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Ethel Ellen (Judy) Tudor (1910–1998)

by Stuart Inder

She charted the movement towards independence of the South Pacific’s far-flung island territories.

Her parents called her Ethel Ellen Macdonald but people throughout the South Pacific knew her as Judy Tudor. For more than 35 years after World War 11, she was an influential editor and publisher who charted the movement towards independence for the region’s far-flung island territories.

Tudor, who has died at Erina on the central New South Wales coast at the age of 87, educated a generation on the significant political and social developments occurring in the Pacific. Born in Granity, New Zealand, she arrived in Canberra in 1927 and took a job as a statistics officer with the Commonwealth Public Service. There she met Len Tudor, whom she married in Melbourne in 1934. In 1936, they went gold prospecting in New Guinea, and she spent the next three years mostly in mountains of the Sepik district in arduous, even dangerous conditions.

“I never stopped congratulating myself,” she later recalled, “that I was where I was, seeing and doing strange things and not back in Melbourne being a suburban housewife.” She was in Rabaul working for an islands trading firm when the war forced her to return to Melbourne. The pair were divorced and in mid-1942, while awaiting a medical to join the AWAS, she received a job offer from the New Zealand-born Sydney publisher R. W. Robson to help bring out a new edition of the Pacific Islands Yearbook, needed urgently by the American Forces in Australia. The offer changed her life. After they produced the edition in record time, Robson put her to work on the Pacific Islands Monthly (PIM), a news magazine he had launched in 1930. They began a close personal and business relationship that ended only with Robson’s death in 1984 at the age of 99. An indefatigable worker to whom writing came easily, and with a good business head, Tudor was indispensable to the expansion of Pacific Publications Pty Ltd, especially following the company’s purchase of the Suva Fiji Times group in 1956. An executive director of the company and eventually a part-owner, she directed publishing activities in Sydney while Robson concentrated his energies on Fiji.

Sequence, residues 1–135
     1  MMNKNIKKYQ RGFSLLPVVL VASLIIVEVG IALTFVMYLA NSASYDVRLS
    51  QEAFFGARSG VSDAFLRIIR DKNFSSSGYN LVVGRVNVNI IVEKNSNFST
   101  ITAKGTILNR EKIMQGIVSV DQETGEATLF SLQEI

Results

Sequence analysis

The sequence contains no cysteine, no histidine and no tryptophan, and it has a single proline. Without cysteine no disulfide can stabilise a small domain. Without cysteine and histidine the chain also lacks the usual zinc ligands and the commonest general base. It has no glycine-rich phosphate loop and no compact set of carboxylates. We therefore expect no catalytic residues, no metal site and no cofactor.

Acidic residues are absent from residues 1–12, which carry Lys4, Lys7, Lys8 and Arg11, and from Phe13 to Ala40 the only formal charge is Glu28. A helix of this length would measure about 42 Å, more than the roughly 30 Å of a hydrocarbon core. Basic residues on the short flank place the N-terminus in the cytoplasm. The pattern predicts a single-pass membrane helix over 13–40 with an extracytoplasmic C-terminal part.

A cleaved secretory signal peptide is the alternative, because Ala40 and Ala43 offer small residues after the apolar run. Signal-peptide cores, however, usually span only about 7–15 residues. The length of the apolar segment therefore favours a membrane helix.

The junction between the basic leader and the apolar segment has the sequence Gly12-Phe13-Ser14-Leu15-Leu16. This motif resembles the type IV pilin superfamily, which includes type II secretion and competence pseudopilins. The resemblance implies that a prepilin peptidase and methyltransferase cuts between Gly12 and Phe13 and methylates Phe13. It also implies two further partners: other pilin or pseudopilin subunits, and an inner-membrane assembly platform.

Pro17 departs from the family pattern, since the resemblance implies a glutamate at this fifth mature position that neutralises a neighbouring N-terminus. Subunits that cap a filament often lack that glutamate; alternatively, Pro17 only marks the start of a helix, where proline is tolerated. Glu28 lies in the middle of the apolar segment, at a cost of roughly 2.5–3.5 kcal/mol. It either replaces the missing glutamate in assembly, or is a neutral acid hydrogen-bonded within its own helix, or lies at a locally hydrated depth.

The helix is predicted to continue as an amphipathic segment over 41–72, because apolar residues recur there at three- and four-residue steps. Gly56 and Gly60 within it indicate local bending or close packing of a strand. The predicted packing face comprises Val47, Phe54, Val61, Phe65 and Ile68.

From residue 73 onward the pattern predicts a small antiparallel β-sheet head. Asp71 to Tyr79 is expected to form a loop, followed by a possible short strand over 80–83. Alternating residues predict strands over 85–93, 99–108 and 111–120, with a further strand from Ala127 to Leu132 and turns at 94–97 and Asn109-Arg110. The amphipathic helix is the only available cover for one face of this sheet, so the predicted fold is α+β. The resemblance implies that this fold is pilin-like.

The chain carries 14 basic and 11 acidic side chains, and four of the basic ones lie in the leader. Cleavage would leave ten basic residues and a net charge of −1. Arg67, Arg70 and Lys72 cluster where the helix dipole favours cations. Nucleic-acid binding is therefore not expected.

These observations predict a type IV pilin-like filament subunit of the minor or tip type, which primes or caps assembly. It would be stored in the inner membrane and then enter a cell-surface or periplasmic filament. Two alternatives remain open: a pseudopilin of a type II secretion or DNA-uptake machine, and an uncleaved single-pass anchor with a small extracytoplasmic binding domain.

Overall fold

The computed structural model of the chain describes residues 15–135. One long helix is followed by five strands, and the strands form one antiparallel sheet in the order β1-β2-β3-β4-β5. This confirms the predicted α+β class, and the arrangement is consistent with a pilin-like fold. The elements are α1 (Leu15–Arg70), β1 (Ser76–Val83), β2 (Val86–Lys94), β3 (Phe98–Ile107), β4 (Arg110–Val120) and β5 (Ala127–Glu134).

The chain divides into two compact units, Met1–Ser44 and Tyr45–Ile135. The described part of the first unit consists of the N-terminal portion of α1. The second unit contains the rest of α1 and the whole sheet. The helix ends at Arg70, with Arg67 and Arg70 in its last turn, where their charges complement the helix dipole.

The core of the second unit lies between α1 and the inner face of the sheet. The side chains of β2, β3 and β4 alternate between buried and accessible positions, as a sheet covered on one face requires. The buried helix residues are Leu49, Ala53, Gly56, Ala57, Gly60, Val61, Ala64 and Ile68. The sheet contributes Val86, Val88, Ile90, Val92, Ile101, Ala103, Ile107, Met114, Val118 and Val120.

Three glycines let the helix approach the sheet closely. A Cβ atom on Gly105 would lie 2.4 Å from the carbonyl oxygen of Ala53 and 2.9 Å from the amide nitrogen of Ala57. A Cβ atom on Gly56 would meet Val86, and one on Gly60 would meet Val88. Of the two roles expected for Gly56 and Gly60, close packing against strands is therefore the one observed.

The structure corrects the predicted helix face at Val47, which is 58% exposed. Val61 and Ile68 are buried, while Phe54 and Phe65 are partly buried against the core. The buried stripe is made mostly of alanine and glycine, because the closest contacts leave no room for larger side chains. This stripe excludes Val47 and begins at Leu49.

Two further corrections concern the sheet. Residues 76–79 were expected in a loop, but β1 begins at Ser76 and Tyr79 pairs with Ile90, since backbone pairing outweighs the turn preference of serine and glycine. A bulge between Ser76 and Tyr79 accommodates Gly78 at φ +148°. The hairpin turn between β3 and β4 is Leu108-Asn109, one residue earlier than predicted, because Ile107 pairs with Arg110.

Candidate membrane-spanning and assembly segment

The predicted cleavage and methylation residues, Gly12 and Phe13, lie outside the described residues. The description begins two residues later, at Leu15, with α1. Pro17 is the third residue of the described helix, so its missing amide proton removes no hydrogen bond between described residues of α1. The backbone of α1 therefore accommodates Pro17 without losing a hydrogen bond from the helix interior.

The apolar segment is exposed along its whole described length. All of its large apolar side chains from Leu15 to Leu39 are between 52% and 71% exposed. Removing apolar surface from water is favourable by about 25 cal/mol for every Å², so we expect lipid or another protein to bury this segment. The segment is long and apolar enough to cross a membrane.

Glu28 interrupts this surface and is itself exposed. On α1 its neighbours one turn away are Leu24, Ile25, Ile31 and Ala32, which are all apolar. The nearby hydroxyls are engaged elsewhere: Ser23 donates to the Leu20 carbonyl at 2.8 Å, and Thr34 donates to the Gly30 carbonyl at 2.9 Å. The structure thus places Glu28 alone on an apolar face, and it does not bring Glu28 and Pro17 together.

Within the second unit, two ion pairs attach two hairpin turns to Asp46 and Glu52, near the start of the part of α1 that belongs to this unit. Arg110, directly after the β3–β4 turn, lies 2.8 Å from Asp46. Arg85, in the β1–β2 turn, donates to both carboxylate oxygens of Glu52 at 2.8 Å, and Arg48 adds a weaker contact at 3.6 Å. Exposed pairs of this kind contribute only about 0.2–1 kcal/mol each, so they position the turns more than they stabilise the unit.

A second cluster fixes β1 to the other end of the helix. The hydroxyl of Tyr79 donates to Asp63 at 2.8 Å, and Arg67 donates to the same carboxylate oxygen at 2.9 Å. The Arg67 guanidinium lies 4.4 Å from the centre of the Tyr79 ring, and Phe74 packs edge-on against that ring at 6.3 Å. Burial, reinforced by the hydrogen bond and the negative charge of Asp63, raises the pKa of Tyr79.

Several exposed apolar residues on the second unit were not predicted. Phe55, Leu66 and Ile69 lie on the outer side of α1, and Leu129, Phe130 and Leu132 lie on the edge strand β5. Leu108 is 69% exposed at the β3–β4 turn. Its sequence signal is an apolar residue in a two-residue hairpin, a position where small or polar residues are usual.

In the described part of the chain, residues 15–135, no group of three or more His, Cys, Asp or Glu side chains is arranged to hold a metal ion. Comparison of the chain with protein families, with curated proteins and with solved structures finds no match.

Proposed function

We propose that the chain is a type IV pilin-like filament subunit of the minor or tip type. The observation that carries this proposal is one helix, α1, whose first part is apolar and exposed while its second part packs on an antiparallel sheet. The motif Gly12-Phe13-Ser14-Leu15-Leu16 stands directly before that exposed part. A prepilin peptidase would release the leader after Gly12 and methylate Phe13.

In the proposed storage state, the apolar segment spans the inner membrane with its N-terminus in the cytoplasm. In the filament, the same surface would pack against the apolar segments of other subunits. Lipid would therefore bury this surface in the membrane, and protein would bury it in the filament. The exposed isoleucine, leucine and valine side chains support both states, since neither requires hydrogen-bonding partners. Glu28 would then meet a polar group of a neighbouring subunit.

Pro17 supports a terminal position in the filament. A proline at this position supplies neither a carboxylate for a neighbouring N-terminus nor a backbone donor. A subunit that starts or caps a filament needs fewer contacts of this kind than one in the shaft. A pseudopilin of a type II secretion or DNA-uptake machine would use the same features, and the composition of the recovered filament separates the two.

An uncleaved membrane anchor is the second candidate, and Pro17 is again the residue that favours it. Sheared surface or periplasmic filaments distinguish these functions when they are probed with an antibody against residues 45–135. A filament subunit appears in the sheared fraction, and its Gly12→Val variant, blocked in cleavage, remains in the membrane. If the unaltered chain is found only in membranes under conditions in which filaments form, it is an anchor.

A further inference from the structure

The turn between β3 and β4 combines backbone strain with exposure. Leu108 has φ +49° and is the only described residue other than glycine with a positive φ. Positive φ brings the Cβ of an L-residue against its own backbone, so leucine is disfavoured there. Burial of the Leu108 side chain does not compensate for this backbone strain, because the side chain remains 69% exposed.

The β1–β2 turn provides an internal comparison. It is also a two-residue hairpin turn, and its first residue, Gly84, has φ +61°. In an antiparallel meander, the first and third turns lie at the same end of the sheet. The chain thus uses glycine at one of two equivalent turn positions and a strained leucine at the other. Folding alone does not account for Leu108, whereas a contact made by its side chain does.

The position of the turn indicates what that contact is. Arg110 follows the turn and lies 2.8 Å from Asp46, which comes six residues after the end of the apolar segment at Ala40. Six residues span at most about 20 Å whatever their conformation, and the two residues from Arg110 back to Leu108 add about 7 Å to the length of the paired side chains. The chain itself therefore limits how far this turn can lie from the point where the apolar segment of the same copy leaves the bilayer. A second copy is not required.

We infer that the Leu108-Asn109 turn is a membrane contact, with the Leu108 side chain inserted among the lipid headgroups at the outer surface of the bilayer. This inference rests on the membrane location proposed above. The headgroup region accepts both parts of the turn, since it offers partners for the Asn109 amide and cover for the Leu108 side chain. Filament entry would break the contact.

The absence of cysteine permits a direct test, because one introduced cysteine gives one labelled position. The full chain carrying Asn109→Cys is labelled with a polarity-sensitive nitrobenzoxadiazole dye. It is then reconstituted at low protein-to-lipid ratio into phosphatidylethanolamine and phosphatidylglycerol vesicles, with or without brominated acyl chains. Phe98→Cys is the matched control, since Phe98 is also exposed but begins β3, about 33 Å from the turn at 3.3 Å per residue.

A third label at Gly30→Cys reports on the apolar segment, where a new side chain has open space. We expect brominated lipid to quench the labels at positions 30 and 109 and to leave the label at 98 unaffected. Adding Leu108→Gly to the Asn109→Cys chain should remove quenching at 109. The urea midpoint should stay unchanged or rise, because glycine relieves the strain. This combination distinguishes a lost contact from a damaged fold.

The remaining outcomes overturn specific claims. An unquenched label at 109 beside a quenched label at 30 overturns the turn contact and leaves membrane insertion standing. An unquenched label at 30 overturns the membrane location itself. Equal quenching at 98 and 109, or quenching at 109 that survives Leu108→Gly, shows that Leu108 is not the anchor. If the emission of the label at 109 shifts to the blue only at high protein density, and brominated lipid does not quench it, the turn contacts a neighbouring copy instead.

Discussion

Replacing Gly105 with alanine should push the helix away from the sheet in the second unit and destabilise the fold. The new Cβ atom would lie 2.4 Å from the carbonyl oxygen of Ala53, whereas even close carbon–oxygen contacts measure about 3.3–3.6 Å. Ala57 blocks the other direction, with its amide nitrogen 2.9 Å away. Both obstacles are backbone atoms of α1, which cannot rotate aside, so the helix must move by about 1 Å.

She continued to co-edit PIM, compile and edit new editions of the Year Book, various handbooks on the Pacific states, and a ground-breaking Pacific Who’s Who, and established a successful general book publishing division. Her staff admired the firm but even-handed management style of a boss who never for a moment believed that being a woman was a handicap in business, or in anything else she might choose to do.

Despite her executive responsibilities, she regarded herself foremost as a writer. She travelled frequently and widely and her regular reports and commentaries on islands affairs in PIM were penetrating and fearless.

She could employ her sharp wit and a sense of irony to devastating effect, particularly when aimed at the bureaucratic incompetencies of the colonial administrations of the time. Readers relished her entertaining travel articles and perceptive book reviews.

In earlier years she wrote successful fiction and in 1966 she published her autobiography, Many a Green Isle.

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Citation details

Stuart Inder, 'Tudor, Ethel Ellen (Judy) (1910–1998)', Obituaries Australia, National Centre of Biography, Australian National University,, accessed 19 May 2024.

© Copyright Obituaries Australia, 2010-2024

Life Summary [details]

Alternative Names
  • McDonald, Ethel Ellen

16 May, 1910
Granity, New Zealand


24 March, 1998 (aged 87)
Erina, New South Wales, Australia

Cause of Death


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